Keeping oneself in perspective

Yesterday I sat in the church where I am now serving, St Matthew’s Salford Priors. I contemplated the East Window. After a while, stepping closer, I saw it was put in place and/or dedicated to the memory of Samuel Garrard who was priest here for 41 years. I wanted to know some more about him so I went to consult the list at the back of church and I discovered he followed on from a first Samuael Garrard, presumably his father. Then I saw that he was not the only father-to-son partnership: was Henry Holyoake one man, or two? Then there were the Burtons, Arthur and Harold.

Then my eye was drawn to John Davies – as this was my paternal Grandfather’s name, and is the name of one of my cousins. No relation, I’m sure, as probably a fairly common name. Not so, Lobbeus Lunne!! Wow, there’s a name! Was he ‘Lob’ for short?

Anyway, I’m not on this list. For one I’m not the vicar, I’m a mere associate minister and for two, the current vicar is the final name on the list.

It did though help set me in perspective. I had been praying about both the building and congregation and it is fairly overwhelming to think how many before me have also bothered God about the roof leaking or prayed for ailing but precious parishioners. And that’s just the church leaders – what about all the thousands and thousands of individual Christians who have come into this space to celebrate, to mourn, to be married, to pray, to plead, to worship, to wonder?

Not all of them came to be spiritual: during the 100 years war every Englishman was required to practise archery on Sunday afternoons – here are the marks in a sandstone arch where arrows were sharpened.

Presumably said arrows where then fired in practise… at what? Apples stood on gravestones? (could add a whole new meaning to ‘messy church’!)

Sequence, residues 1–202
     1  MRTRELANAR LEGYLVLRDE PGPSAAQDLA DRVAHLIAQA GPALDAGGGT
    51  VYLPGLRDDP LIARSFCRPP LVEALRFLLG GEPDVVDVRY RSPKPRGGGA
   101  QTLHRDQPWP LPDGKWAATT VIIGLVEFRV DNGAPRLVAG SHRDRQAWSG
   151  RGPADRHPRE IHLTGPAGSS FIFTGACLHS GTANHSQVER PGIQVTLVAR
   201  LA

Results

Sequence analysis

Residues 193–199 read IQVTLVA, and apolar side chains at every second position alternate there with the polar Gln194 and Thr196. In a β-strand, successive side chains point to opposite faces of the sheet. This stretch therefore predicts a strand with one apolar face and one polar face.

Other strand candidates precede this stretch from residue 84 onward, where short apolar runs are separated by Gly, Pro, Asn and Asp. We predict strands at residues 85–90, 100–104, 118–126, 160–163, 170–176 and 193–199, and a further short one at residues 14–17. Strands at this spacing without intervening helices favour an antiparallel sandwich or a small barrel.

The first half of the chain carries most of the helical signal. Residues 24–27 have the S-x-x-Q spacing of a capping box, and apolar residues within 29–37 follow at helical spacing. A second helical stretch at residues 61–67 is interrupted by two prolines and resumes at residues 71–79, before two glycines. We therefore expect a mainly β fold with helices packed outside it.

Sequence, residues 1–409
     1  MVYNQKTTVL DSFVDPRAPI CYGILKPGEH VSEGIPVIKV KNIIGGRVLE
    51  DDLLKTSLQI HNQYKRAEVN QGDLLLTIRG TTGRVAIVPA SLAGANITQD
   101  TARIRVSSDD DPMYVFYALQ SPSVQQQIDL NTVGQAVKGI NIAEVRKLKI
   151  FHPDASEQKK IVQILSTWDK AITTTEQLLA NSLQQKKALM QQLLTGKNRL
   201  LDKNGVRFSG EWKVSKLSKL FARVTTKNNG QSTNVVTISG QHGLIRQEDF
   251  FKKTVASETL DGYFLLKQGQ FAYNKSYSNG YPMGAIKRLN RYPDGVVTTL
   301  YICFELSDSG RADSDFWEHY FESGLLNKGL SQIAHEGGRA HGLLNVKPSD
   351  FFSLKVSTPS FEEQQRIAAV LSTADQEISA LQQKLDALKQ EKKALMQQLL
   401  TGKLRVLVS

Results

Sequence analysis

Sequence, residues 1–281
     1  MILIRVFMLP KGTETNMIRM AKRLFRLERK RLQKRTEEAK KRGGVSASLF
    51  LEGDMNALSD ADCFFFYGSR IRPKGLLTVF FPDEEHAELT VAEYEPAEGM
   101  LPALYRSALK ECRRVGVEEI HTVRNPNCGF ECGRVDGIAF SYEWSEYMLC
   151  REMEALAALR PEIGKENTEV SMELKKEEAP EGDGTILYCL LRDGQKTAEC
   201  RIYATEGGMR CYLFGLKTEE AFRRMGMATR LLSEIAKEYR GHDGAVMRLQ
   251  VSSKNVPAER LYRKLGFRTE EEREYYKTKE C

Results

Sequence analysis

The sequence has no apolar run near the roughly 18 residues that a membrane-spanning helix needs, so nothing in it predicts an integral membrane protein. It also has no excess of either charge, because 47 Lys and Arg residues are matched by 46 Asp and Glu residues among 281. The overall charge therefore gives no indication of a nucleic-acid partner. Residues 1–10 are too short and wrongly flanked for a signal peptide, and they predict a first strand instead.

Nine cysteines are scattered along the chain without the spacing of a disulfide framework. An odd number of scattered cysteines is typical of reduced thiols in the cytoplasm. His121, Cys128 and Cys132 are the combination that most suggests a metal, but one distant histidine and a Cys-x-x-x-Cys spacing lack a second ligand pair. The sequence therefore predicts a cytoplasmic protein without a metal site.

All this helps me to hold myself in proper perspective. Even if I stay ‘a long time’ I’m just passing through. Even the Garrard’s father and son, were ‘just passing through’. The building has stood for a 1000 years, it too is just part of a bigger story.

The oldest part of the building: the Norman Arch

But the Kingdom that came in with the coming of Jesus into the world has been going for twice that long. Who knows how much longer this church will stand or how many more might encounter God here?

The life in the church is what matters, more than its bricks and mortar, more than the individuals who come and go. The activity and presence of the Holy Spirit is like the electricity inside the lead that lights the lamp. A beautiful lamp and a faultless lead still gives no light unless it’s plugged in and switched on.

Lord, you said that you were the light of the world and that we are light of the world

Both those things can only be true if there is a deep connection between us and you.

Keep that connection strong

Life blossoms in our winter graveyard

“If you remain in me and I in you, you will bear much fruit; apart from me you can do nothing” John 15:5

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